I Truly Understand

Lyrics: Traditional
Music: Traditional

Garcia recorded this with David Grisman but seemingly never played it live in his 1990s sets with Grisman. He also played it in pre-Dead days, in 1962 with David Nelson in San Mateo and in 1963 with his then wife Sarah in Palo Alto.

I wish to the Lord I'd never been born
Or died when I was young
Before I'd seen your two brown eyes
Or heard your lying tongue, love (note 1)
Or heard your lying tongue

Chorus
I truly understand you love another man
And your heart shall no longer be mine
I truly understand you love another man
And your heart shall no longer be mine

I'll never listen to what another woman says
Whether her hair be either black or brown (note 2)
I'd rather be on the top of some hill
The rain a-pouring down, down
The rain a-pouring down

[chorus]

Now who's gonna shoe your pretty little foot?
And who's gonna glove your hand?
Who's gonna be your own true love
When I'm in a foreign land, love
When I'm in a foreign land?

Now mama's gonna shoe your pretty little foot (note 3)
And papa's gonna glove your hand
And I'll still be your own true love
When I'm in a foreign land, love
When I'm in a foreign land

[chorus]

I'll never listen to what another woman says (note 4)
Whether her hair be either black or brown
I'd rather be on the top of some hill
The rain a-pouring down, down
The rain a-pouring down

[chorus]
Notes
(1) in the 1960s, Garcia sang "Or heard your flattering tongue, my love"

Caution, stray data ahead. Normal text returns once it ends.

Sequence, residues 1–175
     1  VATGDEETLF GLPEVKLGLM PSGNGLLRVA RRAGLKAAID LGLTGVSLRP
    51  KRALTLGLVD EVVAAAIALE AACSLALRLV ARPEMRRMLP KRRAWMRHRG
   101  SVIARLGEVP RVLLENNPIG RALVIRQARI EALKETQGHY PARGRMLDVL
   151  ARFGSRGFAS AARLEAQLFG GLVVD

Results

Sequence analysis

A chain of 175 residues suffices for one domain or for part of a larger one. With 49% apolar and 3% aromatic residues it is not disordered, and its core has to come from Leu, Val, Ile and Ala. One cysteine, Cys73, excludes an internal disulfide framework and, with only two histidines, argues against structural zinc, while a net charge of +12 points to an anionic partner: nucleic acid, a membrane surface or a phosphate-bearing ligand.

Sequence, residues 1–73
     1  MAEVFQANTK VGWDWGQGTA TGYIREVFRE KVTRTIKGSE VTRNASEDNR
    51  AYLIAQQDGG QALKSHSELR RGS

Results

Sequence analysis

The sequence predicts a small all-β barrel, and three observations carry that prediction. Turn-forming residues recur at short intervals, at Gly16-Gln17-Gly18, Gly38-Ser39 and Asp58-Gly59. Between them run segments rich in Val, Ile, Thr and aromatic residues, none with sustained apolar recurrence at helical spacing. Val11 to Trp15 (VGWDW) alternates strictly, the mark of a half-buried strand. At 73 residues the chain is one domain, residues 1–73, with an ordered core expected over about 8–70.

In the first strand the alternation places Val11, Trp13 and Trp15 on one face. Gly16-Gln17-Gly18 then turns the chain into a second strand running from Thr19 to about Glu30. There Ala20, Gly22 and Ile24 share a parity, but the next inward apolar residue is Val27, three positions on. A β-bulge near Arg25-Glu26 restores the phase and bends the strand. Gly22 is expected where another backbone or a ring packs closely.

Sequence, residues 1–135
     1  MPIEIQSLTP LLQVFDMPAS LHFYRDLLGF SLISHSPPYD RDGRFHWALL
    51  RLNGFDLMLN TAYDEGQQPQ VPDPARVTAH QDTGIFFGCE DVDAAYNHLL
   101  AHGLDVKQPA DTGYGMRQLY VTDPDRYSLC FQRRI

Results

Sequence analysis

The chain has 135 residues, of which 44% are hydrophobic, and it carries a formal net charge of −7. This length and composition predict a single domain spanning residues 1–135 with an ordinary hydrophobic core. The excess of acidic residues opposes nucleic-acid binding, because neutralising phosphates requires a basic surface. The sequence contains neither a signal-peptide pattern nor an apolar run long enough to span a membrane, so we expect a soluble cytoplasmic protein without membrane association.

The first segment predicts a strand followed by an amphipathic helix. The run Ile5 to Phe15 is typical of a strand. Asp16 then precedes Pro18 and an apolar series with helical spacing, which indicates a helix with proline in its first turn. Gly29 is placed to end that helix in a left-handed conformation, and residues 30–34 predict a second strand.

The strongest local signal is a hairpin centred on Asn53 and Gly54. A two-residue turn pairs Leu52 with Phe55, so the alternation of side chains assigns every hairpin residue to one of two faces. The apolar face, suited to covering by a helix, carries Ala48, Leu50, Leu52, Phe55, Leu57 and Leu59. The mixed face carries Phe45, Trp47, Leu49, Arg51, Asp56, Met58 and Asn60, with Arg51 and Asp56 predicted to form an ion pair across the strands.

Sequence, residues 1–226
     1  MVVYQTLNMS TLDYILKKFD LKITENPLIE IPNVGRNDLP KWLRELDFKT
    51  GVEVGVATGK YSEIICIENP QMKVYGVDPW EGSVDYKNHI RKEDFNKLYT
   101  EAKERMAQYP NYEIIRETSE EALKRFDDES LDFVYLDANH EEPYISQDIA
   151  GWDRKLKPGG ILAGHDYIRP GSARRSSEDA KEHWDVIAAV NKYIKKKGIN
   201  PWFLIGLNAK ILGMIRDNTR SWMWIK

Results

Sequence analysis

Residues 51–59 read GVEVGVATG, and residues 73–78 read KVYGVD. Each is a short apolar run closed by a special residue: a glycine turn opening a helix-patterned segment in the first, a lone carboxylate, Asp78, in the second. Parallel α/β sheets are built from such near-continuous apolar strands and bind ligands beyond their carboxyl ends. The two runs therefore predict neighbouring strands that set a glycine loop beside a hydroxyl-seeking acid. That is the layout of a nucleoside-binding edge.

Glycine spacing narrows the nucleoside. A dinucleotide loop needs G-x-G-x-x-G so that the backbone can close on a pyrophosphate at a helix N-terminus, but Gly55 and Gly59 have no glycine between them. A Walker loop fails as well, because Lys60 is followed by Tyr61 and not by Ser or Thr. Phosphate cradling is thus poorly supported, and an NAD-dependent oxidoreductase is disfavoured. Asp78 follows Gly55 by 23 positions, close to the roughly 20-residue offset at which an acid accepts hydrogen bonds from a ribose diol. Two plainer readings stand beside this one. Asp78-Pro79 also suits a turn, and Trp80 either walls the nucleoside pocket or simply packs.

(2) in the 1960s, Garcia sang "Let her hair be black or brown"
(3) in the 1960s, Garcia sang this verse the other way round, from the point of view of the woman rather than the man:
My momma's gonna show my pretty little foot
My pappa's gonna glove my hand
And you will be my own true love
When you're in a foreign land
(4) in the 1960s, Garcia sang this verse second rather than last

Jerry Garcia Recordings
     Date Album Recorded By
     27 Aug 1990 Shady Grove Garcia/Grisman

Notes/Roots
Matt Schofield's discography lists earlier versions, including those recorded under the title "Who's Going To Shoe Your Pretty Little Foot." Garcia may well have learnt his version from the New Lost City Ramblers, credited to "Shortbuckle Roark and Family" who recorded a version in 1928, with George Roark playing clawhammer banjo and singing the verse, while other members of his family sang along on the chorus. (thanks to Murray Altheim for pointing this out).